If you need a pickup truck that’s larger, stronger and more powerful than the Toyota Tacoma or GMC Canyon, you’re in luck. The Midsize Truck class is the most competitive truck class at the moment because they can not only tow more than their compact counterparts, but they can also serve as daily drivers. Often referred to has “Half Ton” Pickups, these robust offerings are chock full of value and features that make them more practical for everyday use. They feature higher payload and towing capacities and a plethora of trim levels to suit every taste fathomable.
The best-in-class Ford F-150 leads the pack, and has been the best-selling truck for the past 35 years. This is due mainly to the constant evolution that the entire Midsize Truck class has seen, especially over the last 5 years. Today, a truck cabin can be larger and more luxurious than a similarly-priced midsize sedan. Take for instance the F-150 SuperCrew: it has almost 30% more interior space that Ford’s own Fusion while maintaining an acceptable bed length.
Adding to those dimensional features, options like leather trim, navigation, integrated Wi-Fi and heated seats, you can think of a Midsize Truck as an entry-level luxury sedan that also has the capability to haul and tow almost anything. Last but definitely not least, Midsize Trucks get better fuel economy than ever before, thanks to highly-efficient engines and friction-free, smooth-shifting transmissions. Some of the trucks listed below even get 20 mpg, which is a revelation when you consider the power and torque that they produce. To help navigate through the truck field, we've compiled a list of the best 5 Midsize Trucks currently available for 2013.
The refreshed 2013 Ram 1500 won the Motor Trend Truck of the Year award, and for good reasons. Class-exclusive features like 5-level air suspension and lockable sidewall storage compartments add capability. The interior quality is above class norms, while the available UConnect system could school competitive systems about usability. For the powertrain, there are a couple of grunty V8s available, but the excellent base combination of a 305-horsepower, 3.6-liter Pentastar V6 mated to a ZF-design 8-speed automatic transmission should work surprisingly well for most owners not doing heavy towing. Lastly, body styling is clearly Ram, yet more evolved. Overall, Ram 1500 is a winning choice.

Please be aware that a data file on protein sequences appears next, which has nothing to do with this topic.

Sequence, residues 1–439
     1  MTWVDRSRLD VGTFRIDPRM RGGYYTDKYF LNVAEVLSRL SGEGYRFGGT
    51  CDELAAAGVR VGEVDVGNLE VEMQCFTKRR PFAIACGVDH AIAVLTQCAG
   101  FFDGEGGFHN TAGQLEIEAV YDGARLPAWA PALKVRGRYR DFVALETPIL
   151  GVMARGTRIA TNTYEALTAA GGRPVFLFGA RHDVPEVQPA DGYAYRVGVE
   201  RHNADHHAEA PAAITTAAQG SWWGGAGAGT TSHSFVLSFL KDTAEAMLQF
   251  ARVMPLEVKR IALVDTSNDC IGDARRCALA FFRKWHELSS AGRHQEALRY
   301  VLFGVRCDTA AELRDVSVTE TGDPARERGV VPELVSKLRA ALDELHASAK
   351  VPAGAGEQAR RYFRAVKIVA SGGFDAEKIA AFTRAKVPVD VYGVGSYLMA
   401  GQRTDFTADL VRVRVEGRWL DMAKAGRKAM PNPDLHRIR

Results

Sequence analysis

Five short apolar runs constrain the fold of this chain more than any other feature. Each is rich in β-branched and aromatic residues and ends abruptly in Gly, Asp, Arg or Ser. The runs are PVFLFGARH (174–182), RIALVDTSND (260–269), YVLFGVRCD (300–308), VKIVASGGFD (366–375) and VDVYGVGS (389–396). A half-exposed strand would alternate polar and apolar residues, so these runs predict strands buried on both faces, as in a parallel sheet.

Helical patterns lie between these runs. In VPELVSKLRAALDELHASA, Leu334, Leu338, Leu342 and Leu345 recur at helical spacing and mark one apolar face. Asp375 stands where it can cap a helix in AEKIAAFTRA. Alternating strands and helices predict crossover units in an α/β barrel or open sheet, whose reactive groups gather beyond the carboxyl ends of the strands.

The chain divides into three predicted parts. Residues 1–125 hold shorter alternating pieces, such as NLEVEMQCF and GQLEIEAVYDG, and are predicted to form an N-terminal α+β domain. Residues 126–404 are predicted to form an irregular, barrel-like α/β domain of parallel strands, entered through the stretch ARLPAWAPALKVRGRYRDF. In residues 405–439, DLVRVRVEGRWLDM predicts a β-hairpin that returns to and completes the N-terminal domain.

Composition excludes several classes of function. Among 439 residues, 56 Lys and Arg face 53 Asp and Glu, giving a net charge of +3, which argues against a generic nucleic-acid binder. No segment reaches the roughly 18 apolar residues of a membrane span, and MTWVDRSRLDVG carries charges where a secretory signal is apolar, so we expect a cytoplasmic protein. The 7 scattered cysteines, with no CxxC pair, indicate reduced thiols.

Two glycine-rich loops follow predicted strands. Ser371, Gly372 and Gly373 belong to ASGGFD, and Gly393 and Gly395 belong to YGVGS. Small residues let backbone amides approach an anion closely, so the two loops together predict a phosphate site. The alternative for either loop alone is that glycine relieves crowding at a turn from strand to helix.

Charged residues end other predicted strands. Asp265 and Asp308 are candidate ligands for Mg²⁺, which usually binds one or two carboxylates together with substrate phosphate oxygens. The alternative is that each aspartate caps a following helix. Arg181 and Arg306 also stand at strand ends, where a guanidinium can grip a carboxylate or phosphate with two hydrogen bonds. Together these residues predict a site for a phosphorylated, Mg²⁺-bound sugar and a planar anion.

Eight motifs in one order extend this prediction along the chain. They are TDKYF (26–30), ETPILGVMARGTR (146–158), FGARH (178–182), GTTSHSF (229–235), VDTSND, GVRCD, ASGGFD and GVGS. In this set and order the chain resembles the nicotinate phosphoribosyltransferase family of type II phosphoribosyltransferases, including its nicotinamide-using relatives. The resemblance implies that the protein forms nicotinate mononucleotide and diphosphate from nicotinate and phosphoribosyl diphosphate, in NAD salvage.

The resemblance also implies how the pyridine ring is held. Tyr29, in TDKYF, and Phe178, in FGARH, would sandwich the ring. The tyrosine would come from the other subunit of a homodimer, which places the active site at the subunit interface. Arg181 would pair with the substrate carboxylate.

EPA-rated fuel economy: Up to 17 city/25 highway/20 combined (3.6-liter RWD).
When it comes to doing the things expected of a pickup truck, the Silverado doesn’t put a foot wrong. All the usual wheelbase, drivetrain and cab options are available to mix-and-match one’s perfect truck. Power and fuel economy ratings are competitive. Silverado then goes beyond by being the only full-size truck with a hybrid powertrain option for about 25% better rated fuel economy. Also, extended cab models feature rear doors that open a whopping 170 degrees and windows that lower completely into the doors. For covering all the bases and yet standing out, the Silverado makes a solid choice.
EPA-rated non-hybrid fuel economy: Up to 15 city/22 highway/18 combined (XFE).
With a little coordination, you and 50 of your closest friends could each order a 2013 F-150 and none of you would end up with the same basic configuration. That’s variety! Ford gave F-150 an extensive list of standard safety features and novel options like tailgate and box-side steps that make access easier. A standout amongst the four engines on tap, the EcoBoost twin-turbo V6 has more low-rpm torque than the 6.2-liter V8 engine while delivering the best rated fuel economy of the bunch. All that, plus the truck’s reputation for durability, make it easy to see why F-150 has been a 30-year best seller.
EPA-rated fuel economy: Up to 17 city/23 highway/19 combined (3.7-liter RWD).
Of all the trucks here, Titan has gone the longest since a significant refresh. It’s a testament to Titan’s basic “rightness” that it is still competitive. All Titans are powered by a 317- horsepower, 5.6-liter V8 with a 5-speed automatic transmission. King and Crew Cab models are available (no standard cabs from Nissan), along with short or long beds and rear- or four-wheel drive. The rear leaf-spring suspension can hop under an empty bed, but the responsive powertrain and controlled ride make for pleasant journeys. The interior and exterior styling won’t turn heads, but the rubberized bed liner and optional tie-down rails and cleats are welcomed touches.
EPA-rated fuel economy: Up to 13 city/18 highway/15 combined (RWD)
If Tundra played baseball, the Toyota would be a reliable base hitter. It boasts major-league towing, payload and horsepower ratings, even if it doesn’t hit anything out of the park. It has typical Toyota virtues like a reputation for top-notch quality and reliability, and the variety of cabs and drivetrains leaves little to be desired. The CrewMax is especially roomy, and the available Entune infotainment system has many useful apps. The hydraulically damped tailgate is a minor feature but an unexpected delight. Tundra’s interior isn’t as plush and its ride is more, uh, truck-like than some competitors, but this truck has earned its first-round draft status.
EPA-rated fuel economy: Up to 16 city/20 highway/17 combined (4.0-liter).